WHAT IS THE DANGER OF REVIVAL?
Revivals are good things-very good things. But that doesn't mean there are no dangers associated with them. Let me tell you about the one I fear most.
If you've read books on revival, you long to see one. But there's the danger. In waiting for a Revival, we don't appreciate what we have now and we don't do anything now.
Compared to the Great Awakening, we live in a bad time. It's easy to become frustrated and disillusioned. As though one baptism a year isn't a wonderful thing! It is! Angels rejoice over one sinner who repents. We should too.
Whether the times are wonderfully alive or as dead as a door nail, the Lord wants us to "occupy till [He] comes". He wants us to be faithful in worship, love, and evangelism, even if the times grow darker and darker. It's hard to do. We need patience.
SHOULD WE LOOK FOR REVIVAL?
Only God knows whether revival will come to us-or when. But, be that as it may, we have two good reasons to hope for Revival.
The first is Theological.
Revivals cannot just happen. Several things have to be in place. Here they are: God must be almighty, Jesus Christ must be exalted, the Spirit must be poured out, and Satan must be bound. All four are presently true!
There is no lack in God, in Christ, or in the Holy Spirit to prevent Revival in our time and place. Nor is there any power or cunning in Satan to prevent it. He's whipped.
The second is historical.
If you read the history of Revival, you'll see that they are rarely local affairs. When God pours out His Spirit in England, for example, He also comes to America, to Switzerland, and to other places too.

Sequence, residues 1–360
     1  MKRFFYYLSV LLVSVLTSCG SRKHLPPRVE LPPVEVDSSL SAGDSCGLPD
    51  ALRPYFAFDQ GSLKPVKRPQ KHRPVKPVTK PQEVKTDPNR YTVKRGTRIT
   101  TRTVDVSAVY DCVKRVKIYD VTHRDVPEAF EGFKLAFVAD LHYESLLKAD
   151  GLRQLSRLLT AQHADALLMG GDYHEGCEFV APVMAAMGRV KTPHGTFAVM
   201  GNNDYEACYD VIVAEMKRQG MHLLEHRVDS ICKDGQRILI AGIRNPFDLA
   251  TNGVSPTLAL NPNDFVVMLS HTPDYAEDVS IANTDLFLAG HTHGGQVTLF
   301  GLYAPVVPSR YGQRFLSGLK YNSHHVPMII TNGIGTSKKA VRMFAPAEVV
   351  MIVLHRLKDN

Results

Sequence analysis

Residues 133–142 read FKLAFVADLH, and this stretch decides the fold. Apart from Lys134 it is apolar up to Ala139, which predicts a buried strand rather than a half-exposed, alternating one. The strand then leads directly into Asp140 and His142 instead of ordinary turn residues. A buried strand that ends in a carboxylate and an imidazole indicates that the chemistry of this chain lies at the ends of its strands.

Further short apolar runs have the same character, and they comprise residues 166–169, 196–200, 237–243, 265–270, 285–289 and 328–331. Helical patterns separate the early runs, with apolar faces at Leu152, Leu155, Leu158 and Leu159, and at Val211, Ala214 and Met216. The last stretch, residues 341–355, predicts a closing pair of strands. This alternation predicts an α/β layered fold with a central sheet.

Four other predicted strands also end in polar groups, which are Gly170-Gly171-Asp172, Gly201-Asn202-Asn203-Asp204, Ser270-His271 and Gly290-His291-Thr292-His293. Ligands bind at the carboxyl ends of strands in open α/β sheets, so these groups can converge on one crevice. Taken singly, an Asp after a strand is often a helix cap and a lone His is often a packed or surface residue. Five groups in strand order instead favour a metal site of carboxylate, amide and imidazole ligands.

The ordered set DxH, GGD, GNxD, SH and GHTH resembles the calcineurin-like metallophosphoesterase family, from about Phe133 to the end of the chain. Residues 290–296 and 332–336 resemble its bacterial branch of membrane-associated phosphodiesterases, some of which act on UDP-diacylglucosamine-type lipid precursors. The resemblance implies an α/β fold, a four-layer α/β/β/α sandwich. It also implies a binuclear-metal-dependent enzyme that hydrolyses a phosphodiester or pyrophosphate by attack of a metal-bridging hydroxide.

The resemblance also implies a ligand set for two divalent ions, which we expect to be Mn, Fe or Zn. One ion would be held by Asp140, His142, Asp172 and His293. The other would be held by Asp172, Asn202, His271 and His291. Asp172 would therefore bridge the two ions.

That's happening right now. Last week, Tom Wells spoke at our church. He's a Reformed Baptist pastor, author, and something of an expert on Revival. He said from the pulpit,
"We may be living in the greatest
revival in the history of the world".
He cited Africa and the Far East as examples. God is saving millions in those remote places. And if He's at work there, then why not here?
I am not Postmillennial. And you don't have to be to believe that Revival is both possible and likely. Surely, Romans 5:20 teaches that,
"Where sin abounded, grace
did much more abound".
WHERE DOES REVIVAL BEGIN?
Revival begins in the church. Often in the heart of one person. When the Baptists met in the late 1700's hardly anyone looked for revival. But two young men did-William Carey and Andrew Fuller.
God lit the fire in their hearts, and soon they became the Father and Uncle of the Great Missionary Movement, to bring life to a people who had never heard the name of Christ. Carey had it right,
"Expect great things from God".
Maybe we "have not because we ask not".
Let us, therefore, ask God to revive us, our churches, and the world. And let's not ask only once or twice, but,
"Keep on asking,
Keep on seeking,
Keep on knocking".
And see if God doesn't do
"Exceedingly, abundantly above
all we ask or think".
Revival! God bring it to pass, for Christ's sake. Amen.